We watched a video about safety and buckling in the seatbelt was confusing enough let alone attaching a flotation belt. Luckily, when we walked out to the helicopter, the entire staff swarmed us and the pilot practically put my headphones on for me. I sat next to Pilot Mike and Eddie sat next to me. Four others piled into the back and we were off. The music for takeoff was that Highway to the Danger Zone song from Top Gun. I shit you not. This was awesome.
The flight was 45 minutes along West Maui and across to Molokai. It defined breath-taking. Along the way, Pilot Mike asked me about the shape of an island. I said it looked like a turtle, and he said I was close--they call it an elephant. Pilot Mike is a nice guy because a turtle is not close to an elephant. He also asked Eddie where we were staying in Maui, and Eddie strung together some Hawaiian sounding words, and Pilot Mike took that as an actual answer.
We both took maybe 200 pictures each, and a lot of them look exactly the same, but we will probably never be in a helicopter again and we probably will never be in Maui again, so we captured as much of it as we could. Plus, we bought the DVD of the tour. I told Eddie that if he wanted to buy it, we would have to watch it every May as a Hawaii anniversary. He agreed. We'll see how long that lasts.
|This is not a turtle.|
|All week we'd wondered about this. The local high school decorates it.|
|Sugar mill smokestacks|
Hawaii is for eating.
We lounged around for a bit and then started to get ready to head out. To a sports bar. To watch the Ranger game. Does this sound familiar to anyone? I went to throw some stuff in my tote bag, the one I'd gotten at the first morning's breakfast, the one I'd been using to throw stuff in like the beer can and the water bottle and the Christmas ornament and the tea, the one that had a pretty Hawaiian lady on it. The bag wasn't where I'd left it, next to my other luggage, nowhere near the garbage (foreshadowing!). I called out to Eddie, My bag is gone! He helped me look for it. It was totally gone. I called the front desk and they put me through to housekeeping, and housekeeping said they'd check with the woman who cleaned my room and would get back to me.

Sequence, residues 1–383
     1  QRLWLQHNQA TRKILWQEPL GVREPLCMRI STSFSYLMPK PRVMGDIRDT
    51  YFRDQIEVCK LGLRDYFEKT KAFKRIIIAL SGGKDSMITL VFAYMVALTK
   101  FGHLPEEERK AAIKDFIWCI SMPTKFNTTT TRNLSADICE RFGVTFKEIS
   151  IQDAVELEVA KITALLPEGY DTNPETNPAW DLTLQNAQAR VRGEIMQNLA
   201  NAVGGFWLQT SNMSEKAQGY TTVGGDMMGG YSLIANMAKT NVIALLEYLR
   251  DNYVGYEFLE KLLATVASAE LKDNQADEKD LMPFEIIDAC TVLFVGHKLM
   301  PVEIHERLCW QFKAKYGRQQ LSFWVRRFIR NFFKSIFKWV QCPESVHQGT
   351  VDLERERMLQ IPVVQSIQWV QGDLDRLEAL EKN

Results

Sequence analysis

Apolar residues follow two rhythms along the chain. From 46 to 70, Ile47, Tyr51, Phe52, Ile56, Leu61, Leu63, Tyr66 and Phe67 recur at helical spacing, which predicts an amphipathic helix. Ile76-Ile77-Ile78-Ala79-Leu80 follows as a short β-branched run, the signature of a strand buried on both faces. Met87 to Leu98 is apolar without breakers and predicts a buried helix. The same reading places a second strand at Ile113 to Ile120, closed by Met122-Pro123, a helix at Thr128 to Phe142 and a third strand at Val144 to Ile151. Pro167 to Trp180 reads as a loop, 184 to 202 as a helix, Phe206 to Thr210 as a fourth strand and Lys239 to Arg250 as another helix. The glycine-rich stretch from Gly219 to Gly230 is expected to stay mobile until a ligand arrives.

And here's where things get very un-honeymoon-like and very throw-down-Eddie's-Brooklyn-has-rubbed-off-on-me-ish.
A few minutes later, that particular housekeeper came back to my room and handed me the bag that was now folded up and empty. I asked where my items were, and she responded that the bag had been filled with garbage, so she’d thrown it all out. I told her she needed to find my items, and she said she wasn’t sure that she could.
Basically, she'd thrown out all my stuff.
Eddie and I went down to the front desk where I asked to see a manager. The people at the counter told me that the manager was with someone, but I could wait. After fifteen minutes of silent fuming and almost-crying, I checked back at the desk, and they told me that they did not know where the manager was or when he would be back. What the!? I told them that I needed to speak to someone because items were taken and thrown out from my room.
The housekeeping supervisor came into the lobby, and she pulled me aside to ask me what was taken and to take a picture of the now empty bag. I was so angry by this point, I heard myself getting Brooklyn-nasty, and my yoga-calm was suffering, so I started crying as I was talking. This is not what I'd planned to do on my honeymoon.
I told her I wasn’t sure of what exactly was in the bag because I’d kept throwing all my souvenirs and trinkets into it without thought. She said she’d need receipts from me, and there was nothing else she could do if I didn’t have receipts. I explained that some of the receipts were in the bag with the items, and that I did not want to spend my last afternoon in Maui going over my receipts to figure out what was taken. She reiterated that there was nothing she could do without receipts, which also completely ignores the sentimental items I’d collected along the way.
Eddie was now fuming and tried explaining, but she was not listening to his explanation, so we went back up to the room and found the one receipt we had for the Christmas ornament. When we left the room, she appeared through a magical housekeeping door, so I handed it to her and said we’d take care of the rest when we returned later on.
When we came back to the lobby, I asked the people at the front desk if I could leave my cell phone number to speak to the manager when he returned. They said that the manager in charge of rooms was available to speak to me. I don’t know why they hadn’t called her in the first place.
She was the first person to actually apologize and listen to our problem. She was perplexed as to why it had happened, and she was adamant that she could make it right. She said that she would go out and buy any items I could think of to replace them; the only items I knew for sure that were in the bag were the Christmas ornament and some tea I’d purchased at the Whaler’s Village. She spent a few minutes talking to us, sympathizing and apologizing, and she was the most professional person with whom we interacted.
We left it at that and took the Beach Walk to the sports bar. On the way, we made some little lizard friends.
We arrived at Pailolo Grill where I immediately ordered a margarita.
|These are the snacks that everyone at the bar got but us.|
After the game, we took the Beach Walk back to the hotel. Even with the aggravation, the day was gorgeous.